The player faces another dilemma. If you flee for a safer part of the country, then it’s unlikely Ali will be able to find you—if he ever returns. Your children begin playing war inside the apartment. I make the decision to flee.
Revealing what happens next would be too much of a spoiler, and take away from the effect of the game. The point is you don’t know what’s going to happen at any moment, and your choices involve deciding between some seriously bleak options. I eventually found an ostensible refuge in the rebel-controlled city of Al Raqqa, which was anything but.
What happened after arriving there could only be described as pretty much unimaginably terrible, especially considering who these particular rebels were.
Knowing this, I would have tried to escape from Daraa much sooner—at the earliest possible opportunity. But how would I have known? The game revealed I didn’t have a clue. This more than anything demonstrates why it’s profoundly affecting.
Joe & Kelly Trevithick
I died in 15 minutes of game play. My wife lasted a little bit longer. It took her 25 minutes to get shot. That’s the life of a young man and a mother of two in the world of 1,000 Days of Syria. Our experiences are probably quite accurate, no matter what Swenson’s disclaimer says.
Tens of thousands of people have died in Syria since the civil war broke out in 2011. I don’t know any of their names. I can barely remember my character’s name in the grim simulation.
Swenson said he hopes his project will “inform and perhaps motivate” people less-informed about the conflict. My wife now knows more specific details, for sure.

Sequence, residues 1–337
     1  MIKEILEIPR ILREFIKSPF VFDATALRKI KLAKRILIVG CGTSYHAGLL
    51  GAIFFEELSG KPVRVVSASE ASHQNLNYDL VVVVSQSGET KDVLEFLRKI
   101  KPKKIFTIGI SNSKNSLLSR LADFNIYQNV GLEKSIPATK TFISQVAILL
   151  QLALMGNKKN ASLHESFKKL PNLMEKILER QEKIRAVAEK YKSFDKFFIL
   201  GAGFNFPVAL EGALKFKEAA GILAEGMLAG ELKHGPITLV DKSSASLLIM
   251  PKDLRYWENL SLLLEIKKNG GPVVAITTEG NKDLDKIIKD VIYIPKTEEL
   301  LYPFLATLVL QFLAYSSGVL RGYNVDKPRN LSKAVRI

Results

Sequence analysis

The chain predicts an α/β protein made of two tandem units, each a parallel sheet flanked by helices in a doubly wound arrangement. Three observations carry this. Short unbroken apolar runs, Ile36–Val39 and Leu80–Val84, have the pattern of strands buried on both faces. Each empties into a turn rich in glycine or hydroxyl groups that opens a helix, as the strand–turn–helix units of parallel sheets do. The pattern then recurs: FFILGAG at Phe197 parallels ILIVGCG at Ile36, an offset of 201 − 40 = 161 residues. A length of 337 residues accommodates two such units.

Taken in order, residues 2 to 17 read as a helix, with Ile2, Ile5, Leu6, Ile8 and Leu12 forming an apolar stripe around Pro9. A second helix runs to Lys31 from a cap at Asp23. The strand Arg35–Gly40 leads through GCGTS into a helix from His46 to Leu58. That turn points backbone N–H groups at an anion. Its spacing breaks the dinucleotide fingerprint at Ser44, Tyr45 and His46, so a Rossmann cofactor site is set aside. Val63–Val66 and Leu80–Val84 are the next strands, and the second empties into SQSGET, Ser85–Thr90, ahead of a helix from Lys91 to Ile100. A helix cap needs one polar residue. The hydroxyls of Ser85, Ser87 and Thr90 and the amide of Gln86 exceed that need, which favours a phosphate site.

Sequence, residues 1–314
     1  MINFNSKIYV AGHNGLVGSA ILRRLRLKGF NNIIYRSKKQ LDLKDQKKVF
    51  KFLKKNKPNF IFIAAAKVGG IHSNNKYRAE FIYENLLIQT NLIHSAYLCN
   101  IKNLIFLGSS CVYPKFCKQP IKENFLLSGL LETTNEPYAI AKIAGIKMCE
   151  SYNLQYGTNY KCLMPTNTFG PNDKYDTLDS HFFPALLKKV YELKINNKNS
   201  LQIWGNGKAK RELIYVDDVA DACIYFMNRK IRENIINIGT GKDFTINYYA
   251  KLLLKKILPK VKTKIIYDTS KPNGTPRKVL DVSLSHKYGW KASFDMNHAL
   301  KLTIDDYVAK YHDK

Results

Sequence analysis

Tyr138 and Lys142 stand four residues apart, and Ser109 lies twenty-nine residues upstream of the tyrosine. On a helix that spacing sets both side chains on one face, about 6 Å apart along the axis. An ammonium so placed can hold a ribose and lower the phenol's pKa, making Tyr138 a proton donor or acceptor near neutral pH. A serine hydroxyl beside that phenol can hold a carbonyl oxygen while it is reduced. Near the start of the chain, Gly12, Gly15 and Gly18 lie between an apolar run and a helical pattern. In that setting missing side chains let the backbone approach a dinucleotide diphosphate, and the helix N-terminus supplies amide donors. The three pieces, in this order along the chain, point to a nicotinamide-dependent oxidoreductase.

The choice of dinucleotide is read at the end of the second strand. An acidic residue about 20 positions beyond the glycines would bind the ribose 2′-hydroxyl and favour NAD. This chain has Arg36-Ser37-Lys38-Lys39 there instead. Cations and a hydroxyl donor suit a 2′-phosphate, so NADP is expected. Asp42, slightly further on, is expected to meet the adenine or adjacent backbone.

But the real education for both of us was something completely different. We are relatively well informed, but no amount of information seems to help the conflict be any less distant.
“I feel like it’s a zombie apocalypse,” my wife said. Only something fantastical like that seemed on par with the horror she just experienced vicariously.
I tried to explain something to her during our Internet journey. I got the facts wrong and realized a lot of the Arab Spring’s violence was rolling together in my mind.
I was working full-time for GlobalSecurity.org when the Syrian fighting started. I remember that we tracked the body count for a while. But eventually we stopped trying to figure out how many people had been killed every day. So many were dying.
We can stop—and that is our luxury. When your 1,000 days end online, you can put it all back in the proverbial box.
1,000 Days of Syria taught me that it is terrifyingly easily to dismiss the suffering of others. Al Assad’s regime matter-of-factly kills innocent civilians—and now various militias do, too. Those people die as forgotten as the characters my wife and I role-played.
The regime and the militias in turn benefit from how easily Americans and others can tune out all this. After we both took our turns, my wife said she wished there was something we could do.
I think we took the first step by letting Swenson take us this journey—and taking Syria back out of our boxes.